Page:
Web Reference: http://www.43re.com
0 votes Thank Flag Link Mon Nov 17, 2008
Hi, Kimberly ~ I quess you could read all the Real Estate Blogs, Read the local or national papers, watch Fox News, Local TV news, etc. but the best quideline is "feet on the street". The people that treat Real Estate as a real job, work the neccessary 8 to 10 hours days and actually perform and produce for both buyers and sellers. So lets see intuitively (gut feeling), the market is a bit all over the map. The "cheap" subdivision homes i.e. Corey Barton, Hubble Homes are saturated with blow out sales every weekend and have poor resale value. The Northend and Bench vintage homes are selling if the sellers are reasonable about their prices and realize we are not back in 2005-2006. Homes with acreage in Eagle are slow, in Emmett they will move because of better pricing. There are short sales that are available by overextended builders and subprime loans customers, but you have to be prepared for long waits for lender approvals on an offer. So I quess there is no real straight answer. Though our market is holding its own compared to other areas in the country and I feel will continue to do so. If you would like to give me your specific scenario I could tailor a more direct answer. Thank you I look forward to hearing from you. Sherry Tarrant P.S. I rely heavily on spell check so excuse any misspells or bad grammer :)
0 votes Thank Flag Link Tue Feb 12, 2008
IT depends... what sort of property are we talking about? Let me suggest you dig in a bit at my blog that addresses this very issue. http://www.wiebere.com/content/view/44/8/

This is part one of assessing the current market conditions and addresses the "depends" issue head on.
0 votes Thank Flag Link Mon Feb 11, 2008
I agree completely with Alfie on every point she made. I too believe in "In God we Trust, All Others Bring Data". The one thing I would add is that it depends on the area of Boise, type of home you want (new/resale) and what price range. For first time home buyers, this is a great time to buy. Certain areas have new starter homes for under $150,000 and the Bench could not fall much lower. The numbers have shown that high end home prices continue to fall. The key is to look for the deals in todays market and wait for the home that is perfect for you. Focus on the resale value (location, size, etc.) and not necessarily on the lowest price. A 2 bed/1 bath may be a nice starter home for you, but it will not have the same resale value of a 3 bed/1.5 bath. The answer to housing woes will be decided by the lenders. Once they start freeing up more lending more Buyers will be able to get back in the market. If you are considering buying you should meet with a lender and check what types of lending you will qualify for. If you have credit problems you will have time to fix them and get yourself a good interest rate and loan program.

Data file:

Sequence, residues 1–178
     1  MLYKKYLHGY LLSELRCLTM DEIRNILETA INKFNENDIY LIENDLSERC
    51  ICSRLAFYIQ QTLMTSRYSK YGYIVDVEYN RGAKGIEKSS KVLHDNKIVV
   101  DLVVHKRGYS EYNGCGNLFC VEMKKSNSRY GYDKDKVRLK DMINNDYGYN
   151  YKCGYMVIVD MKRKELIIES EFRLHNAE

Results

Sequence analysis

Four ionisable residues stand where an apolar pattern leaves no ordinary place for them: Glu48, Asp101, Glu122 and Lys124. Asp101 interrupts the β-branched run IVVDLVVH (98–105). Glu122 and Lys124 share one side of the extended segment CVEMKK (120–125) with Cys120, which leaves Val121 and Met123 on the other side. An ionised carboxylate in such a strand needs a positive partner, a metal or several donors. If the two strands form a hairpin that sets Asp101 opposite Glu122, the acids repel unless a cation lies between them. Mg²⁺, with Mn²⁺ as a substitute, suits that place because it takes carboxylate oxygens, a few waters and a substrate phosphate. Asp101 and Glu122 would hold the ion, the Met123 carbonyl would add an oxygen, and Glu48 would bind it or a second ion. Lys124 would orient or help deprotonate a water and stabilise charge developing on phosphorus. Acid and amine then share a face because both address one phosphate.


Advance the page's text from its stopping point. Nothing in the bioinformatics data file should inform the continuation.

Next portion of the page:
0 votes Thank Flag Link Mon Feb 11, 2008
Personally, I've seen a lot of activity on our listings during the past few weeks. Of course, ANY activity is better than what we saw the last half of 07. To me, that says that a lot of buyers are thinking it is the right time to start looking (and possibly buy). As far as prices, we may still see them dropping, but if you plan to buy and live in a home for at least 5-7 years, I don't think you'll see much of a difference between buying now and buying, say, in the fall. I still can't tell if the past few weeks are the beginning of a trend or just a fluke, so I won't be making any grand predictions that the market is at the bottom. At least, not without a little more data.
Web Reference: http://www.cityburb.com
0 votes Thank Flag Link Sun Feb 10, 2008